Why does my hair smell bad?

Over the past few years, intermittent shampooing has become a major trend that women from all walks of life are trying in order to minimize the “stripping” effect shampoo has on hair. The idea is that if you let your hair retain its natural oils, it will give you fuller, shinier hair. Now, even though it is true that women with textured hair probably shouldn’t wash their hair every day, that doesn’t mean that all women should be skipping their daily shampoo.

Frankly, women with straight, fine hair are doing themselves a disservice, especially when they take the trend to extremes. As Katie Becker wrote for Allure way back in 2016, priding yourself on going three to five days without using conventional shampoo can actually lead to some pretty awkward social interactions.

Practicing Proper Hygiene

Throughout the day and night, the Huffington Post explains, androgens activate the sebaceous glands in your scalp in order to produce the oils that naturally moisturize your hair and prevent the scalp from getting too dry. Thick or textured hair produces less oil and absorbs them more readily into their much thicker follicles. In the case of textured hair, it is often better to allow natural oil production to keep the hair moisturized as long as it continues to absorb. However, fine hair has difficulty absorbing oil at the same rate.

If you notice your hair getting a little greasy towards the end of the day, it is a result of that imbalance between production and absorption. One of the tenets of the intermittent shampooing trend is to tell women that their scalp will produce less oil over time if they reduce how often they shampoo. There may be a small measure of truth to that, but the evidence is inconclusive at best. What is entirely clear is that intermittent shampooing is not the right choice for many people.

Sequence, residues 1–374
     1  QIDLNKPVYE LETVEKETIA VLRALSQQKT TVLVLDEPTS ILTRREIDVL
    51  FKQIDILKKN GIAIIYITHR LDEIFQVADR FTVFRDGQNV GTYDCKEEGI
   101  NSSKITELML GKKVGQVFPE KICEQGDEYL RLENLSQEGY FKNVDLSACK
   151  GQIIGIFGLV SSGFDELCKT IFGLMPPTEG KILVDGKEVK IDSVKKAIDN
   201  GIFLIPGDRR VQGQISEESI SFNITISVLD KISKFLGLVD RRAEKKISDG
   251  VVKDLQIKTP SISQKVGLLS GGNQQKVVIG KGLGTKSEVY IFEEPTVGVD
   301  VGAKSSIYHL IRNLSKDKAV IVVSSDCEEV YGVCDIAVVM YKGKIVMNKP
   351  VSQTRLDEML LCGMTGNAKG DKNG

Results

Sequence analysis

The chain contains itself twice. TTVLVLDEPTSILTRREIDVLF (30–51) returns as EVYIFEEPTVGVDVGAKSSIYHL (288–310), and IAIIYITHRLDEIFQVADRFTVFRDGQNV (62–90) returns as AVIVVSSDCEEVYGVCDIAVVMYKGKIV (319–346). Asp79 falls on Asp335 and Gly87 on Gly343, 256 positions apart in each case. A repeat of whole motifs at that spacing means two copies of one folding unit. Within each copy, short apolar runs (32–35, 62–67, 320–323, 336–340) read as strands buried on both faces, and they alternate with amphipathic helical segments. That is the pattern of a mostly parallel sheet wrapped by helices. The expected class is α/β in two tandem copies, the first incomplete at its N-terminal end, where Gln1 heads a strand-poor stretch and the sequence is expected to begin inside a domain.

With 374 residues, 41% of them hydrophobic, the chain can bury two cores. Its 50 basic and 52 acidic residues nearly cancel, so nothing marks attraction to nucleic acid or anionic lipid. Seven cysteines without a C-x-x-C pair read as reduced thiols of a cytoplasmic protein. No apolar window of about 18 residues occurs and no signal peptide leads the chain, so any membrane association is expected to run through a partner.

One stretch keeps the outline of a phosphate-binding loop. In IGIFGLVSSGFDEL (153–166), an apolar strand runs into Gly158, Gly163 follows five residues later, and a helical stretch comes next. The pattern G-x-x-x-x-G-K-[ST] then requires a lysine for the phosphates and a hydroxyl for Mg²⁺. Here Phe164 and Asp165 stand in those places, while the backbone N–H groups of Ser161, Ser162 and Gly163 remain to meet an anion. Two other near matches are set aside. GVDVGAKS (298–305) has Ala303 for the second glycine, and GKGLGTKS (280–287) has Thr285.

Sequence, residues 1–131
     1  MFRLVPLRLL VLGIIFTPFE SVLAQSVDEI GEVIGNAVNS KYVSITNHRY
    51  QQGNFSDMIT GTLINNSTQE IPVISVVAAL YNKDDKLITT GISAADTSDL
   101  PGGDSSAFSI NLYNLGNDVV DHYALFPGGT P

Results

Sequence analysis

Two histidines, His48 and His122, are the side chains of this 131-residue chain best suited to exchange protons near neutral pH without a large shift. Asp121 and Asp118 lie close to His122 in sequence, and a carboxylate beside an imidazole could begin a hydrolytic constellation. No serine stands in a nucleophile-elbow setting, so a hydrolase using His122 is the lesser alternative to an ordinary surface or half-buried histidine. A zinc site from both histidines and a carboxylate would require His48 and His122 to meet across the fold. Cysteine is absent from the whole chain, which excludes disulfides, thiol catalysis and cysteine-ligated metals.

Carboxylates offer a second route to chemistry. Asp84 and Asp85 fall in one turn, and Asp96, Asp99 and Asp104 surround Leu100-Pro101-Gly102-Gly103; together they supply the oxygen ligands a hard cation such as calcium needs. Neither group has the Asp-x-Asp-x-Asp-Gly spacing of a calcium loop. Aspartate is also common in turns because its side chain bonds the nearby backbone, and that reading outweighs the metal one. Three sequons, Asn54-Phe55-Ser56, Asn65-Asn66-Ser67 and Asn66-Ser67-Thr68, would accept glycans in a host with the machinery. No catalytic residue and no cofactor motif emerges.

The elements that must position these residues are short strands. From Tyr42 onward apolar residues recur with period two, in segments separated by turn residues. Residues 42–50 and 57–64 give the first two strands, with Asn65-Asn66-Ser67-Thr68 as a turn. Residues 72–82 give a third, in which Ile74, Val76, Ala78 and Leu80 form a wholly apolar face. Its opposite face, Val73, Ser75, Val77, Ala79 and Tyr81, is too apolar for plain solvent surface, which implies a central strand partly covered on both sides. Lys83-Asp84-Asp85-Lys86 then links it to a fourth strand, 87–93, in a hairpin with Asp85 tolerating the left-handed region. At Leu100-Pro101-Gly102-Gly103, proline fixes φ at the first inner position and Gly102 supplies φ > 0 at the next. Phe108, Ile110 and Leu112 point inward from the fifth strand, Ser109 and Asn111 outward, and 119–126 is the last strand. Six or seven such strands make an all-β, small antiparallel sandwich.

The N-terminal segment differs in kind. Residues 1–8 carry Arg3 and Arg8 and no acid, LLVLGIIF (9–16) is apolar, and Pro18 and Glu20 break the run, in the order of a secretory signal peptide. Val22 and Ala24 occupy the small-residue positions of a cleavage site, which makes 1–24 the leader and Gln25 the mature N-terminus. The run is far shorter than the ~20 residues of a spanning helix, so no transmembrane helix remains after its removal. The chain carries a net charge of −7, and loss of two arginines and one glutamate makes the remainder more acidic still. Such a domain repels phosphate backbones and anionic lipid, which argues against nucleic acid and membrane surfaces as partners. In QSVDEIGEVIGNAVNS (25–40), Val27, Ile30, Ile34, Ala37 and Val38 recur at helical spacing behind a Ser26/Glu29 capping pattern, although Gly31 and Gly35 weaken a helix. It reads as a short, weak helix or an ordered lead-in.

For people who produce excess oil, shampooing daily or every other day is a must. If you don’t, then the oils and sweat that you produce start to build up, feeding the bacteria that naturally occur on your scalp. As one trichologist told Cosmopolitan, it is those bacteria that are producing the sour to acrid smells you start to notice 24-48 hours after shampooing your hair. Left to its own devices, the smell will become noticeable to your friends, colleagues, and passerby, making life unpleasant for you and everyone around you.

The Exceptions

Now, if you’re washing your hair daily with special attention to the scalp and you’re still noticing an unpleasant odor, it is probably time to make an appointment with Dr. Cain Linville at Hair Specialists Houston. There are several medical conditions that could be causing your hair to smell including hormone malfunction and fungal infections, so speaking with a medical doctor is a great place to start figuring out possible causes.

To help your doctor make an informed diagnosis, be prepared to explain when you first noticed the condition, how often you wash your hair, and if there are any pungent foods you regularly eat. They should use this information to rule out typical causes, so it is important that you are honest in your answers. Once these common causes of hair odor are ruled out, your doctor can start testing for hormone function and possible infection. A blood test and a hair sample will be required. If your hormone levels are out of balance, it will take some time to determine the direct cause in your particular case. However, for fungal infection, the approach is pretty straight forward.

If it turns out that you have a fungal infection, then your doctor will put you on oral anti fungals and ask you to use an anti fungal shampoo. Depending on the severity of your condition, you may have to use them for an extended period of time until healthy hair begins to replace the infected hair. Either way, it will take time, but your condition is treatable.